Walk for the Weekend: Inishbiggle Island, Co Mayo
If the hidden Ireland exists I have chanced upon it. The solitude is almost tangible. It feels I have somehow regressed in time
Inishbiggle Island: the fields are empty and silent, while the roadside is sprinkled with abandoned cottages
Only the metronomic purr of the motor and gently splashing water breaks the overwhelming stillness. Crossing over Blacksod Bay, I am heading towards an isolated island, shaped like a three-legged beast leaping from Achill to the Mayo mainland. But I am not journeying in style. No sleek ferry here depositing tidal waves of visitors to flotillas of jarveys and minibuses.
Instead I am in a tiny boat piloted by Inishbiggle native Michael Leneghan. The other occupant is the parish priest heading out to serve his rapidly diminishing flock. Unsurprisingly, perhaps, the conversation revolves around a forecasted storm and the similar squalls besetting Mayo football. If the hidden Ireland really exists I have surely chanced upon it. The solitude is almost tangible. It feels I have somehow regressed in time: it was surely thus that Robin Flower reached the Blasket Islands more than a century ago, or JM Synge uncovered Inishmaan.
Landing at Gobnadoogha Quay, I query Michael about returning. “Ah, take as much time as you like. Just give me a ring when you’re finished,”is the somewhat disconcerting reply.
There is a lazy heat in the air as I follow the green arrows for the Gobnadoogha Loop towards the heart of Inishbiggle. Directly over the treacherous Bull’s Mouth Sound lies the familiar outline of Achill’s, Slievemore Mountain, but just now it seems straight off a Paul Henry canvas. This has me recalling Henry’s other famous works such as Launching the Currach and the Potato Diggers, which show west coast people industriously employed. By contrast, nobody seems employed today. The fields around are empty and silent, while the roadside is sprinkled with abandoned cottages.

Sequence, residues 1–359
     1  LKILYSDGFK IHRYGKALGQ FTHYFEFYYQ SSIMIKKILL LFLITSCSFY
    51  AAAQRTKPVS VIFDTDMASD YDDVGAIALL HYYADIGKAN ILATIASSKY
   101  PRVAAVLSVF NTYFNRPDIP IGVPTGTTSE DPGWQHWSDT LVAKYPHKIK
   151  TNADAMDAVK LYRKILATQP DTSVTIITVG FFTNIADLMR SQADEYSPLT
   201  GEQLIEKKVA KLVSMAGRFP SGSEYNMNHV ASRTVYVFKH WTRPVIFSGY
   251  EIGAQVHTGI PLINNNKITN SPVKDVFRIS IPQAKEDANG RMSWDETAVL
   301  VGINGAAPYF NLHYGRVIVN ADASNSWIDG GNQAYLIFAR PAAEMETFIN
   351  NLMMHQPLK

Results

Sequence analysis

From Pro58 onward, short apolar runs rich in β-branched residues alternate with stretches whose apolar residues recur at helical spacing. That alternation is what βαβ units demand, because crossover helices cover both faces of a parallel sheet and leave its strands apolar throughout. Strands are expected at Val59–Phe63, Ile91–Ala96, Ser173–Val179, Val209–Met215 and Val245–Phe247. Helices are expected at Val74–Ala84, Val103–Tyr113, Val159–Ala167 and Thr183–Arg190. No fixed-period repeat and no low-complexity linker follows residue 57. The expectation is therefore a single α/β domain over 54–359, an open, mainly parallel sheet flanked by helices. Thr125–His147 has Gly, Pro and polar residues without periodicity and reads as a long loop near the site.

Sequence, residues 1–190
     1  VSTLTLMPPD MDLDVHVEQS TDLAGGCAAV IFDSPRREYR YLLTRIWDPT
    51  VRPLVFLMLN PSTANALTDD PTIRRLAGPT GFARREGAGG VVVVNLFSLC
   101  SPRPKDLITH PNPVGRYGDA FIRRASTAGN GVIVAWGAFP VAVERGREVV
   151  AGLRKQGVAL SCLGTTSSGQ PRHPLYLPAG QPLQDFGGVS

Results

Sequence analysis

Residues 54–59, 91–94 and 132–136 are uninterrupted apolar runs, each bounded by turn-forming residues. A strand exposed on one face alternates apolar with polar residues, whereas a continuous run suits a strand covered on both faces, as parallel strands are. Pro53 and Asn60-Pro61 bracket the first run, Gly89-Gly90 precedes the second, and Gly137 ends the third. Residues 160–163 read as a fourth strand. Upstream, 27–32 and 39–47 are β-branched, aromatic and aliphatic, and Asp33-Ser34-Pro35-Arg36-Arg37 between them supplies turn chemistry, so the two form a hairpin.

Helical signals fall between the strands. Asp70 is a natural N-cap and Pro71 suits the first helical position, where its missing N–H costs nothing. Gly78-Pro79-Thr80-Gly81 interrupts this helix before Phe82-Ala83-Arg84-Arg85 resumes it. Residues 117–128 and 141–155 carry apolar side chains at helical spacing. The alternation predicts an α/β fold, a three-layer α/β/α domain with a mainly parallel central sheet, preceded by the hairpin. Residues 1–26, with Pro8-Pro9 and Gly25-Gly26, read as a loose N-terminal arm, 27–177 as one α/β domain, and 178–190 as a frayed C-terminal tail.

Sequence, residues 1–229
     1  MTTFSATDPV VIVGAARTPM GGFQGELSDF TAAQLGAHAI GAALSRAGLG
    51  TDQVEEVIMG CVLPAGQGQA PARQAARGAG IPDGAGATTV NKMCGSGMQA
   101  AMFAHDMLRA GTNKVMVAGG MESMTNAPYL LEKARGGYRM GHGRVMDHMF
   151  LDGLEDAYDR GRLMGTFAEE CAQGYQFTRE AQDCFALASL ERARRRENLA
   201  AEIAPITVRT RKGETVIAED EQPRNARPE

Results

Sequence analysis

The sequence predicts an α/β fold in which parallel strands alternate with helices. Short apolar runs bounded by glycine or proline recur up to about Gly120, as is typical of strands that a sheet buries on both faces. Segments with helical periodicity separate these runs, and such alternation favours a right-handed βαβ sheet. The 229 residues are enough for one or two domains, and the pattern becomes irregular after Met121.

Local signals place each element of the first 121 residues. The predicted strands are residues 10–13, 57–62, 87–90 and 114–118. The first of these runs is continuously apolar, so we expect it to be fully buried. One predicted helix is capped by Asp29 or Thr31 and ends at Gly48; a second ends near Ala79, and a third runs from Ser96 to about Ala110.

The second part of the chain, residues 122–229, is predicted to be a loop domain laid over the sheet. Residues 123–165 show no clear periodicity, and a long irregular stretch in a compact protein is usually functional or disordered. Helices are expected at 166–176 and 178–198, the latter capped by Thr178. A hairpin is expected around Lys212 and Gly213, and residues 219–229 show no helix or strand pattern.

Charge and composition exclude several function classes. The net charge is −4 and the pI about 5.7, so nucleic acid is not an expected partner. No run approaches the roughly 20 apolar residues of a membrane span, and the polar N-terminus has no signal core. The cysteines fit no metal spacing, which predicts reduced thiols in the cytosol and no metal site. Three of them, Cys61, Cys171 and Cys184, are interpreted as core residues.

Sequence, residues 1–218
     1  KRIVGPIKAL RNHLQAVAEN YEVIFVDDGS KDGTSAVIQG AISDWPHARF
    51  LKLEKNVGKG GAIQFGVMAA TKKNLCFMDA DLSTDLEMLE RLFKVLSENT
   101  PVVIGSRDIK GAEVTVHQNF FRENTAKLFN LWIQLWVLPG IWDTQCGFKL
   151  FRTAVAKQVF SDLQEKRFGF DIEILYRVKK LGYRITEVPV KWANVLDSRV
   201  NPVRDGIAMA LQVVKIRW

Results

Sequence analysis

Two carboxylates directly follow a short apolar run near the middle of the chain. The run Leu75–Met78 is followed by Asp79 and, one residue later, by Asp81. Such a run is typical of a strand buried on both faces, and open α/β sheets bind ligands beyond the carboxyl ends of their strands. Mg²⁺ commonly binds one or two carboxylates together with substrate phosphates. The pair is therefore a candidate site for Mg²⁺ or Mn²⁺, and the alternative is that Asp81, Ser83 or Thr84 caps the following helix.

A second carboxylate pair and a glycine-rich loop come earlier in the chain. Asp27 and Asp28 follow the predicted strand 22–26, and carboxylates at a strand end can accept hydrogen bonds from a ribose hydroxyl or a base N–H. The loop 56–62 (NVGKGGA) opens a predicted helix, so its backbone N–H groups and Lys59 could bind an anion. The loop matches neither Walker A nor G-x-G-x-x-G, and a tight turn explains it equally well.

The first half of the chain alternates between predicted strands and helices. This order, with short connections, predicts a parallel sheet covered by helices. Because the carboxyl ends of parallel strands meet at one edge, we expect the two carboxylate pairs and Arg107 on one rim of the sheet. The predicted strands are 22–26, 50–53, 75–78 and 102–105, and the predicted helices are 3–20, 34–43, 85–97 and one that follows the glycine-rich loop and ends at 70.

Outside a place, which in past times rang to the happy sound of children playing, some men are chatting. Island culture proclaims I must pause by what was once the island schoolhouse and contribute to the conversation.
Most tell me they have worked abroad but returned to Inishbiggle in retirement. I recall the island population was once well over 100, but how many is it today? “Less than 20; the young people have all left,” laments one of the group.
Is Inishbiggle’s community dying?
“Yes. These days you won’t get people to live in a place with no pub, shop or post office.”
And what about the Irish language?
“It’s gone, people don’t really speak it anymore.”
Onwards then, while I reflect on the sagacity of the islanders: they are well aware that what seems quaint and relaxing to visitors like me will inevitably appear boring and backward to 21st century teenagers.
Next comes the island’s most substantial edifice. Built to serve the once historically significant Protestant community, Holy Trinity Church is of sturdy construction. It made history some years ago when it was ecumenically rededicated as Ireland’s only Catholic and Protestant place of worship.
Rambling on past a few cattle placidly grazing in buttercup-rich pastures to the sound of bees harvesting, it occurs to me that this is slow tourism at its most deliciously languid.
On the return boat journey I query Michael about the island’s future.
“It isn’t good” he replies. “There are no children – everyone on the island is over 50. When the present generation passes on, Inishbiggle will become another uninhabited island off the Mayo coast.”
Suitability: Unchallenging outing on level terrain. No services available on the island, so bring your lunch.
Getting there: Daily ferry service to Inishbiggle from Doran’s Point Ballycroy, Co Mayo, at 9am daily, returning at 4.30pm. Cost €10 return. Transfers at other times may be booked at 087 1269618.
Time: 1.5 hours